We could have turned around and gone back down the hill and around the proper way, but that would have taken too long and so he made his proposal right there - near someone's house, in the mud, no fancy words but all the ones necessary. The sun had disappeared again. He didn't think of kneeling. I thought with the serious way he began he was about to tell me something horrific or devastating (are we breaking up? did he do something awful he's about to confess? did I???). I realized I had never heard his voice mean so much before. And I realized why his hands were in his pockets of his coat.

And I realized there was no way I would say no.

Eventually we ended up back home, holding hands and smiling so much. We kind of remembered the pie, but it was finished much later, and not eaten until the next day. The ring was sparkly and shiny and just dazzlingly pretty without being impractically ostentatious (he knows me), and I heard the story of how he got it and where the diamonds came from. I remember taking it off to start working on the pie crust again, and then realized I should call my family to tell them, and then remembered I had roommates home and wandering through the house to tell them my news and get hugs. That evening we drove a bunch of miles to join a bunch more of the roommates and friends at a campfire at the river, and made our announcement to them, and stared at fire and water and stars, and everything glimmered on the stones of that ring and everything was better than any best of my life before that day.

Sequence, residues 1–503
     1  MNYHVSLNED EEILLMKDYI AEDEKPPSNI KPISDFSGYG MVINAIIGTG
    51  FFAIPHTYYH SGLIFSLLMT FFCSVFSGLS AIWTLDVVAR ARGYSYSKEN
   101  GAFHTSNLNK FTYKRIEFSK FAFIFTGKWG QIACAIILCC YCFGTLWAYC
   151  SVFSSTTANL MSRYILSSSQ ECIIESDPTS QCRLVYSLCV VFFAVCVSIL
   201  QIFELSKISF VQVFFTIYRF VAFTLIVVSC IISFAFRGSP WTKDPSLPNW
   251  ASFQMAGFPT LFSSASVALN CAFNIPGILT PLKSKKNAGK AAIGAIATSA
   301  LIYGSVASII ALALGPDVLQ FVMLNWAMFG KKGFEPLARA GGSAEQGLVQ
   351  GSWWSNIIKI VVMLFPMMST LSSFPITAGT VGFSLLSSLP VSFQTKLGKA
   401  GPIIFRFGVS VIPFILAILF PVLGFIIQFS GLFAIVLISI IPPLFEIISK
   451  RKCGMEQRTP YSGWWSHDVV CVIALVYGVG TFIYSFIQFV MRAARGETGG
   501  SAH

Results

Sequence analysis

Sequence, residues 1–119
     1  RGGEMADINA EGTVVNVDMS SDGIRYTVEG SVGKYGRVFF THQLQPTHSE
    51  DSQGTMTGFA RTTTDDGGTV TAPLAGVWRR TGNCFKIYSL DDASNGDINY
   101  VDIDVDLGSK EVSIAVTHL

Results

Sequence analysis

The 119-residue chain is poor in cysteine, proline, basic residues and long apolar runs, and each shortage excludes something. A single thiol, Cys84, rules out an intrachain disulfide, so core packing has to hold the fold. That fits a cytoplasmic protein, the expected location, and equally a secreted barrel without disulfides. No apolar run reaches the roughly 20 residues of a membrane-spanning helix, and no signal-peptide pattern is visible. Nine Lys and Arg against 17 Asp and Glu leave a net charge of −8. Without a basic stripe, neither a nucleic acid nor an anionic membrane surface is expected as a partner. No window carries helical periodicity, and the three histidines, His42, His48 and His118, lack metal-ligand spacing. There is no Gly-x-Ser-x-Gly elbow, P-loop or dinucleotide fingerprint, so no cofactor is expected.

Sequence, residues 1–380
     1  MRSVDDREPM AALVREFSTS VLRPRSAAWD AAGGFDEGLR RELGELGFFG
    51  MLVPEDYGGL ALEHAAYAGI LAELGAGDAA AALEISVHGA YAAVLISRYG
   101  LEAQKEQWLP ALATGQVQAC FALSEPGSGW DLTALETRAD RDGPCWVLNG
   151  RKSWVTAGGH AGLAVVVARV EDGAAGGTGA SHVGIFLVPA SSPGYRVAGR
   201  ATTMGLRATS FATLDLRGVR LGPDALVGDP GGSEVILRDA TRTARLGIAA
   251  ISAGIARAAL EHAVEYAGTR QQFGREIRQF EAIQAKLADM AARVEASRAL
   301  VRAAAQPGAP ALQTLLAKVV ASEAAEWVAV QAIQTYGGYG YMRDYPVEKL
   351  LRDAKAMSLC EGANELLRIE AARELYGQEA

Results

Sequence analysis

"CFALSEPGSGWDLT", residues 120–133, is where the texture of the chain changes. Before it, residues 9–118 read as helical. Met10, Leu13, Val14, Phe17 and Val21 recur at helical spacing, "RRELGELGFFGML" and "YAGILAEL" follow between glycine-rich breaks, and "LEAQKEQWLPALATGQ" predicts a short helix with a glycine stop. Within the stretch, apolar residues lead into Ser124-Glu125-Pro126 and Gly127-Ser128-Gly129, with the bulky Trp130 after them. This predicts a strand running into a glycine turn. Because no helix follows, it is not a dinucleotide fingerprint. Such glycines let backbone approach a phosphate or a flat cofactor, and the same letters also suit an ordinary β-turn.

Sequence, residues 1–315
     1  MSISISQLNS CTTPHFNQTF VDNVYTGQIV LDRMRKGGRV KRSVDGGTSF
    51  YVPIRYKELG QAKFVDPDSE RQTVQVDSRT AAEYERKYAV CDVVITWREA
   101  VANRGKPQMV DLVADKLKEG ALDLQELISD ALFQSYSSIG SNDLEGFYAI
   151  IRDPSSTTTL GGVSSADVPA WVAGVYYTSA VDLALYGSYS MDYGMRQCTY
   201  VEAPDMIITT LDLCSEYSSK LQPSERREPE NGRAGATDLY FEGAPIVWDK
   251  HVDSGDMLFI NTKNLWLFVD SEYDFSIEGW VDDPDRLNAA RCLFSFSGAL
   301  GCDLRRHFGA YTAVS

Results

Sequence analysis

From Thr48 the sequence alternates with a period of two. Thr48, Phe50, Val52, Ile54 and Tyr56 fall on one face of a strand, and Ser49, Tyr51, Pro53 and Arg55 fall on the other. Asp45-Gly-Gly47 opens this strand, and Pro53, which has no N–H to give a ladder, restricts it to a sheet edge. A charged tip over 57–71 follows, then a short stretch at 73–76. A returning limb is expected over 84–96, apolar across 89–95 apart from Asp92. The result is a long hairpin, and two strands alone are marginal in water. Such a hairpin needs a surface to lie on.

(engagement photos by Chris Walker,

Yes is a good word.
It is full of hope and promise
and joy and honesty.
It is full of grace.

And my year has been full of grace. It has held learning: learning to give and to forgive, learning to read someone else's history that is different from yours yet brought you to the same place, learning to receive with appreciation the gifts that are disguised and the ones that are difficult and the ones that are confusing as well as the ones that are just what I've been hoping for, learning to live a new life and also an ordinary life in a glad and diligent and purposeful way. Learning so much. And not being content to stop there, but learning that I/we have a lot more to learn.